Car spinning ace Veejaro is changing the stereotypes haunting the sport

Car spinning ace, Vernon Hendricks.
Car spinning ace, Vernon Hendricks.
Image: Supplied.

Motor racing has existed in in Vernon Hendricks’s family through his father and grandfather, he has continued the legacy in the fast lane as the first ever Red Bull Shay’ iMoto victor.

 

The competition was held at Wheelz n Smoke in Johannesburg and saw 16 entrants duke it out for the prize which Hendricks took home after winning the competitions four gruelling rounds.

 

Hendricks, or Veejaro as he is popularly known, caught the motor bug in his youth through driving his father’s car. After entering his first competition at the Macufe Arts Festival in 2005, Veejaro has never looked back.

 

Veejaro’s journey to the Red Bull Shay’ iMoto competition was anything but smooth, after many delays and his wife giving birth shortly prior to the competition, Veejaro was under pressure to perform with a car that he was driving for the first time.

 

“I was in the toilet most of that week with butterflies in my stomach but we pulled it off.”

 

While his construction company has kept food on the table for his wife and kids, Veejaro shares that he still gets a lot of flak and stress being part of the drifting community. His family and community in Nigel have however shown immense support.

 

“A lot of people think we are hooligan, that we are wasting our money or that the sport is reckless,” says Veejaro who notes many communities where spinning takes place now boast arenas that are often packed with audiences, “no one has died because of spinning. No one has gotten hurt because of spinning but by the grace of God they will pull through and we will win them over.”

 

Veejaro also gushes that he hopes one of his children will follow in his footsteps.

 

“My wife and I had a small argument about that because I only have girls but I promise you one of them will have to follow in my footsteps,” he laughs.

 

Veejaro noted start-up capital to be an integral part of drifting that was vital prior to pursuing it seriously.

“It’s a dangerous sport and anything could happen so you have to go through every nut and bolt.”

 

Fresh from his win, Veejaro hopes to place South African drifting firmly on the international map, specifically in the United Kingdom where fans have called for him to perform.

The competition was held at Wheelz n Smoke in Johannesburg and saw 16 entrants duke it out for the prize which Hendricks took home after winning the competitions four gruelling rounds.

Hendricks, or Veejaro as he is popularly known, caught the motor bug in his youth through driving his father’s car. After entering his first competition at the Macufe Arts Festival in 2005, Veejaro has never looked back.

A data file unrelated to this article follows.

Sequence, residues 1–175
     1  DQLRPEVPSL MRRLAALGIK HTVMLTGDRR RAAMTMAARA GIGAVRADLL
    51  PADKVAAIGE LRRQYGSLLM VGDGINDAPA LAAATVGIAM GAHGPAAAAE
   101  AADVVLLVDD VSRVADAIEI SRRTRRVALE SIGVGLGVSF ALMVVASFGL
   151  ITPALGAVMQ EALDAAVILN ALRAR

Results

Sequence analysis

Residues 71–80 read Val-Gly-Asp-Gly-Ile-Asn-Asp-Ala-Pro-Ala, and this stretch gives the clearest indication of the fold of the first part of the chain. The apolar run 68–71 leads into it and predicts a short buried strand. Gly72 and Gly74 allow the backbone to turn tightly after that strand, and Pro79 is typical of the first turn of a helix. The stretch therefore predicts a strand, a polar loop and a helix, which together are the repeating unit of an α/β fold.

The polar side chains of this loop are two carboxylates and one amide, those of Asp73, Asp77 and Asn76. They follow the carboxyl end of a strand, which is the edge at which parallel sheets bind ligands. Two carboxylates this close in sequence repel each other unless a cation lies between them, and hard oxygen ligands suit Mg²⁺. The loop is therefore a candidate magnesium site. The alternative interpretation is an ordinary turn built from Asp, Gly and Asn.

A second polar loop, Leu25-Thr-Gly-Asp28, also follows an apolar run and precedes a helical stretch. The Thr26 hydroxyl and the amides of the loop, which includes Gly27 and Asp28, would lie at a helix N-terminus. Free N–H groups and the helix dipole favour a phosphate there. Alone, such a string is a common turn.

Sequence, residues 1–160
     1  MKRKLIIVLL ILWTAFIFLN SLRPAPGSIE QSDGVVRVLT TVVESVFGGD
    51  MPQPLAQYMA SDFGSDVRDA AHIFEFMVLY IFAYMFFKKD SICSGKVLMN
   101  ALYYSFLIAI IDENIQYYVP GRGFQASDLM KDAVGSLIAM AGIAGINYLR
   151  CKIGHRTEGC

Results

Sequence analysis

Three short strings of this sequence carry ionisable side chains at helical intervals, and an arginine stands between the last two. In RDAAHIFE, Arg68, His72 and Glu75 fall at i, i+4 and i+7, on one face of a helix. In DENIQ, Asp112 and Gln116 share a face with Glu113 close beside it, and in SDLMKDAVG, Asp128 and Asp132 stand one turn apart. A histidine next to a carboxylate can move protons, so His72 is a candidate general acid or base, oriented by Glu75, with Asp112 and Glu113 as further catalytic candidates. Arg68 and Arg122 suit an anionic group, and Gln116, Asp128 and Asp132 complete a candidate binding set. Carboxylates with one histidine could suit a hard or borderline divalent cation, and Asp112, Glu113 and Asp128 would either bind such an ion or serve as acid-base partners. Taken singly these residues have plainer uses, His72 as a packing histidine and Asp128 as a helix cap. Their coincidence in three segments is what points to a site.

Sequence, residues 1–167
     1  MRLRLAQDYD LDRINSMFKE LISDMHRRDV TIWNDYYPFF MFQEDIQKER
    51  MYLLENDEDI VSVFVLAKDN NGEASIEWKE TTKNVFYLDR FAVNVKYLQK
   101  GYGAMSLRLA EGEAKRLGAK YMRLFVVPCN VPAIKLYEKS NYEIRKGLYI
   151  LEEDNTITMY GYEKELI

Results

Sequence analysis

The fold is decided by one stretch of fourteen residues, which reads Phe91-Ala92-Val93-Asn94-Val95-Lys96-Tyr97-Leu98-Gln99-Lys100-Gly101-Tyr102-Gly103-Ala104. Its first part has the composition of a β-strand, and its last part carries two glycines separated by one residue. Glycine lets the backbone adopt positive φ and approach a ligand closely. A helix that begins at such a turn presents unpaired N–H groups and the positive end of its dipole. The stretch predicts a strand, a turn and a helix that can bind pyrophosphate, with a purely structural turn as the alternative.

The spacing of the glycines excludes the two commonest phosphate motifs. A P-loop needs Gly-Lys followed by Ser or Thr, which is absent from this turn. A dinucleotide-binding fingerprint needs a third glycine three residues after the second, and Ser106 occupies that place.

Veejaro’s journey to the Red Bull Shay’ iMoto competition was anything but smooth, after many delays and his wife giving birth shortly prior to the competition, Veejaro was under pressure to perform with a car that he was driving for the first time.

“I was in the toilet most of that week with butterflies in my stomach but we pulled it off.”

While his construction company has kept food on the table for his wife and kids, Veejaro shares that he still gets a lot of flak and stress being part of the drifting community. His family and community in Nigel have however shown immense support.

“A lot of people think we are hooligan, that we are wasting our money or that the sport is reckless,” says Veejaro who notes many communities where spinning takes place now boast arenas that are often packed with audiences, “no one has died because of spinning. No one has gotten hurt because of spinning but by the grace of God they will pull through and we will win them over.”

Veejaro also gushes that he hopes one of his children will follow in his footsteps.

“My wife and I had a small argument about that because I only have girls but I promise you one of them will have to follow in my footsteps,” he laughs.

Veejaro noted start-up capital to be an integral part of drifting that was vital prior to pursuing it seriously.

“It’s a dangerous sport and anything could happen so you have to go through every nut and bolt.”

Fresh from his win, Veejaro hopes to place South African drifting firmly on the international map, specifically in the United Kingdom where fans have called for him to perform.

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